Developer: NetherRealm Studios / Publisher: Warner Bros. Interactive Entertainment / Played on: Xbox 360 (also on PlayStation 3, Wii U) / Price: $59.99 / ESRB: Teen [Blood, Language, Suggestive Themes, Violence]
NetherRealm Studios brings us another great fighter with Injustice: Gods Among Us, making important improvements to—but maintaining the core of—its last successful outing, Mortal Kombat. It feels good to play a great fighting game with some of the most iconic DC comic book super heroes and villains. This is definitely not another Mortal Kombat vs. DC Universe, nor is it Mortal Kombat‘s 9.5. Injustice: Gods Among Us feels like a completely new fighting game with an awesome storyline and a ton of content for DC Comics fans to salivate over. But given the abundance of fighting games released last year—and the recent announcements of balance changes coming to Super Street Fighter IV AE—does it offer enough to attract core fighting game players to yet another game, alongside DC fans no doubt clamoring for the opportunity to wade in with their favorites?
It’s a fair question to ask whether the NetherRealm connection will make the gameplay similar, maybe too similar, to Mortal Kombat. Well, it is and it isn’t. If you played the most recent Mortal Kombat you’ll find that some of the fighting game mechanics are similar in IGAU, but that’s not necessarily a bad thing. For instance, simple button combinations are used to string attacks together into combos. The button layout consists of Light, Medium, and Heavy attacks. So a ground combo can be performed by pressing Light, Light, and Medium, followed by a special move in most cases. These combos don’t feel like you have to be too strict with frame timing as you would in Street Fighter, making executing those special moves more accessible to a slightly more casual audience. IGAU also offers a super meter that can be used to extend your combos, add extra damage to your special moves, and unleash Super Moves. These Super Moves are your most damaging attack. You execute this by pressing the Meter Burn button and Stance button together once you have a full super meter. Yes, the Stance button, also from Mortal Kombat, is back. This button is used to show off both sides of your character. There could be a hidden reason to use this button but so far I’ve only used it to make my character dance.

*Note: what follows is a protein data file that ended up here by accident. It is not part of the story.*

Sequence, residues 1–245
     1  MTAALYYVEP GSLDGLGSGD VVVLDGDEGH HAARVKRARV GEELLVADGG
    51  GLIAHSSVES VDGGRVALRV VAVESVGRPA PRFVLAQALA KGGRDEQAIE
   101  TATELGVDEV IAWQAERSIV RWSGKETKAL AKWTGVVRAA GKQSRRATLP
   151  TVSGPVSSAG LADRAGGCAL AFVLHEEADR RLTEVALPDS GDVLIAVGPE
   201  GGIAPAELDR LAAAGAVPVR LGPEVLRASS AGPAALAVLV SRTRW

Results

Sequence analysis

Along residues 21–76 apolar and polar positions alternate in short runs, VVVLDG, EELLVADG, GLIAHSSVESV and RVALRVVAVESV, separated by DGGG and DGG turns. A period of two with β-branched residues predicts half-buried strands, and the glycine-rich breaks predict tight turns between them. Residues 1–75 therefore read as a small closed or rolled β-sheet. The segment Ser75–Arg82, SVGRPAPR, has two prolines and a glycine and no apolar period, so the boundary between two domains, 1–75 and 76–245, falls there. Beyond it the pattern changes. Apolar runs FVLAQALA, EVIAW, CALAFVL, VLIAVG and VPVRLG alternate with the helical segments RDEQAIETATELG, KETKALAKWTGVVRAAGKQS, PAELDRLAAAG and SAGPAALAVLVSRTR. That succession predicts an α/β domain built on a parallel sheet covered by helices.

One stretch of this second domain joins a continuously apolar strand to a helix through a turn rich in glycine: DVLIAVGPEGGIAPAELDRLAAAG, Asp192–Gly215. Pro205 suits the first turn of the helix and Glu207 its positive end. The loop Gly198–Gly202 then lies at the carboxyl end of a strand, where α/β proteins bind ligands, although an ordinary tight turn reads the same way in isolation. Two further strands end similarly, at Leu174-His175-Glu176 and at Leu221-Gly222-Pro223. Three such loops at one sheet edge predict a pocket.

Now you can’t be a superhero without super-human abilities, and those are executed using the Power button. This is indicated by a small icon or meter located right next to the super meter. This ability recharges over time for some characters and can be used multiple times in a match. The Power ability of course differs for each character. Superman is granted extra strength, Batman deploys Batarangs, and Wonder Woman switches from her lasso stance to her shield and sword stance. This opens up more in-depth gameplay when it comes to dishing out damaging combos.
How else can you show that you’re stronger than the average human being? How about having the ability to smash someone over the head with a car? Well in IGAU you use your surroundings to your advantage with interactive objects. You can set opponents on fire by activating jet engines. You can also get yourself out of tough spots by interacting with objects located conveniently in the corners of the stage. If timed correctly with other attacks, you can even work the interactive objects into combos as well. This makes each battle consistently exciting and supplies that feeling of controlling a character with truly extraordinary strength. There’s simply something satisfying about blowing up your opponent with a self-propelled missile.